Tag Archives: Sea That Has Become Known

Sans Sturm und Drang

It has been very quiet on the western front of late. The summer is passing away; the sun is shining; the tigerlilies in the backyard persist in all their strange and orangey glory; blueberries the size of mutant gumballs are consumed [you should have seen these blueberries I just had. How did they grow these blueberries? I accidentally nicked my finger later that day and my blood was green.] Lately, I’m feeling just a bit–a little, crescent moon-sized bit–hermit-like.  I wasn’t away from Chicago for so very long–just about two weeks–but it sometimes feels as though I was away for 20 bajillions of years, and that I am, in fact, writing this from the surface of the crescent moon. Which would not work, in the long run, because the atmosphere of the moon is pretty lame-o and reads like a soup can label–seriously, it’s basically comprised of sodium and potassium and random crap. Hey! Perhaps I could invent something called “Moon Soup”, with delicious carrots and celery shaped like lunar marias! Lunar marias, so’s you know, are great big “basaltic plains” on the surface of the moon, created by volcano eruptions from long, long, l-o-o-o-ng ago. Astronomers used to believe that they were oceans, and so they are called marias, Latin for “seas”. Those ancient astronomers! Ha ha! “Moronomers”, I sometimes call them, in the privacy of my own thoughts.

Just look you at all those marias.

Did you know that there are only two lunar marias on the moon named after actual human beings, and that one of them, Mare [singular form of maria] Humboldtianum–pronounced “mahr-ey hoo dee doo bloo blee num”–is named after Alexander Von Humboldt, who has his very own park here in the Chicagoland area? I’ll be dipped! Do not tell me you do not learn something new every day.

Other lunar mare names:

Sea That Has Become Known [Mare Cognitum]
Sea of Ingenuity [Mare Ingenii]
Sea of Vapors [Mare Vaporum]
Serpent Sea [Mare Anguis]

And below the mare in size are the lacus, or “lakes”, and the sinus  and paludes [“bay” and “marsh”, respectively] and THEY have names like “Lake of Forgetfulness” [Lacus Oblivionis] and “Bay of Rainbows” [Sinus Iridum] and “Marsh of Rot” [Palus Putredinis].


Isn’t it so good to be alive?


This Week’s Interesting Fact from The Krakatoa Book My Mother Loaned Me

This isn’t so much an “Interesting Fact” as “I Read The Following Sentence And Very Nearly Threw Myself Down Upon The Ground Due To Its Wonderment And Hilarity”. Here it is, out of context:

“In the tradition of good science–close observation followed by prescient deduction, with in this case the basilisk glare of his own geophysical insight–he saw something, something that the ancient Hawaiians themselves had suspected for centuries.”


My roommate and I practiced our basilisk glares the other night, but I don’t know what we looked like. I will practice it on you, when I see you next.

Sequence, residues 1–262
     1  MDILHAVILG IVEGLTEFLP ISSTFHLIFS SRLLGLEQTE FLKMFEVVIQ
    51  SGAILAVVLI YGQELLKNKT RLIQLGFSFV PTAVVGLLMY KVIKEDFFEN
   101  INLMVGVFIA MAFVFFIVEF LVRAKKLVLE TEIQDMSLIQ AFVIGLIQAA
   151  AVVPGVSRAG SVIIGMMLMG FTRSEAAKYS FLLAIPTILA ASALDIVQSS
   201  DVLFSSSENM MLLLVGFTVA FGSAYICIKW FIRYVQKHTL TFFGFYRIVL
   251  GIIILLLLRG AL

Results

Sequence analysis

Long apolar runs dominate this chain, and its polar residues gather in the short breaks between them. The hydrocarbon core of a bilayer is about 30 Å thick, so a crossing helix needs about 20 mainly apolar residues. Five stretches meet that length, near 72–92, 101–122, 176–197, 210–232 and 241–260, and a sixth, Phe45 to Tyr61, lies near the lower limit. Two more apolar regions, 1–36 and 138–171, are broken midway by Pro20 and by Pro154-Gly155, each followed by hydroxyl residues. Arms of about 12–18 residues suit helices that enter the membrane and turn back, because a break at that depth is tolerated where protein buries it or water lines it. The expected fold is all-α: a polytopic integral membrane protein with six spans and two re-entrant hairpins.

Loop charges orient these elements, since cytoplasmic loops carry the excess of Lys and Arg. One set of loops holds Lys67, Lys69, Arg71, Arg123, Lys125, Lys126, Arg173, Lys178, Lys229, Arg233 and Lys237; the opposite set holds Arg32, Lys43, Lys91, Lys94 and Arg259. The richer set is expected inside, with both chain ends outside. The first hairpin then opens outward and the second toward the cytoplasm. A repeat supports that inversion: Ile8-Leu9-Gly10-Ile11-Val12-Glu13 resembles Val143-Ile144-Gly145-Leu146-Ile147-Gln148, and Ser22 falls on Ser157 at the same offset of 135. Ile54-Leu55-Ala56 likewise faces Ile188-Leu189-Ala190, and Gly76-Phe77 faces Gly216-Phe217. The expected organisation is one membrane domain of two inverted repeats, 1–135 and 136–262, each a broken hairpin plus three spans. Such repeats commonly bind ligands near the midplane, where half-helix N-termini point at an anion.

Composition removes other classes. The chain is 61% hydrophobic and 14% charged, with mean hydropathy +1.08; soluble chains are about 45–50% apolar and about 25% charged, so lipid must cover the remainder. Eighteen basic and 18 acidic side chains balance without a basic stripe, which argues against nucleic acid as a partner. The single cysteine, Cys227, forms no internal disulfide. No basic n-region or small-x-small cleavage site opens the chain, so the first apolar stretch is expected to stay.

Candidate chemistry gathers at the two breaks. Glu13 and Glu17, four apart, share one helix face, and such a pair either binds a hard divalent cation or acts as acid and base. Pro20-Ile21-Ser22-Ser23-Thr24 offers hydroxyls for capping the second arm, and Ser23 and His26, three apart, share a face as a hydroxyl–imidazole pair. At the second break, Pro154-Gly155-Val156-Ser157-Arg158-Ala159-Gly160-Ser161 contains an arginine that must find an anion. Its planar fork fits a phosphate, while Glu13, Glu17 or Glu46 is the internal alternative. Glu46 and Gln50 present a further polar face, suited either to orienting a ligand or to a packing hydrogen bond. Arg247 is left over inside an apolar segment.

YOU: Stop looking at me with the basilisk glare of your geophysical insight!
ME: No.


Another Late Bloom Alert occurred this weekend, to my very great delight. When I walked out of my apartment yesterday, I saw that the leafy tree-ish tree at the bottom of the backporch steps had finally, after months and months of waiting, flowered and flowered and flowered, everywhere, and I grabbed the porch railing and made a sound like “Eeeeeeeeeeeeeeeeeeee”, except not that articulate. I had given up the flowering of our leafy tree-ish tree a long time ago. I thought that the cold had blighted the flowers somehow, or that some other natural occurrence–sun and rain?–had not naturally occurred. But there they were, white and pink and wide, and this morning I counted three yellowjackets when I stopped by to take a look.

Also yesterday: Katie and I thought we saw a spider in my living room, building a web at a very great rate, but–major burn–it wasn’t a spider. Did you know that a spider releases its silk from a gland called a spinneret? A spinneret. Was there ever a better word “in all the blue-green world” for such a thing? No no no no.


A woman I work with stopped by my desk last Friday with her eyeballs full of poetry. She led me to check out Elizabeth [love her!] Barrett Browning’s crazy long poem “Aurora Leigh” [it’s nine “books” long. Well, what would YOU do with your precious, precious time if you were a nineteenth-century lady authoress?] I didn’t read the whole poem [I do not have the precious, precious time of a nineteenth-century lady authoress] but I read the section I was specially directed to:

And truly, I reiterate…nothing’s small!
No lily-muffled hum of a summer-bee,
But finds some coupling with the spinning stars;
No pebble at your foot, but proves a sphere;
No chaffinch, but implies the cherubim:
And,–glancing on my own thin, veined wrist,–
In such a little tremour of the blood
The whole strong clamour of a vehement soul
Doth utter itself indistinct. Earth’s crammed with heaven,
And every common bush afire with God:
But only he who sees, takes off his shoes,
The rest sit round it, and pluck blackberries,
And daub their natural faces unaware
More and more, from the first similitude.

1. Take off your shoes.

2. Stop sitting around and plucking blackberries.

3. Nothing is small.

4. Every common bush is afire with God.

5. This is like the second time this week I’ve seen the word “chaffinch” . What’s up with that?


A clear-gold cicada shell
hooked hard to wet bark.
Center-split: antennal
to lower thorax. Molt-clean.

its clutch in the dark.

a body-peek green.
A droning wind-hinge.
A fingerful of sudden wings.

Timothy O’Keefe

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Filed under Elizabeth Barrett Browning, Math and Science: General, Poetry, Timothy O'Keefe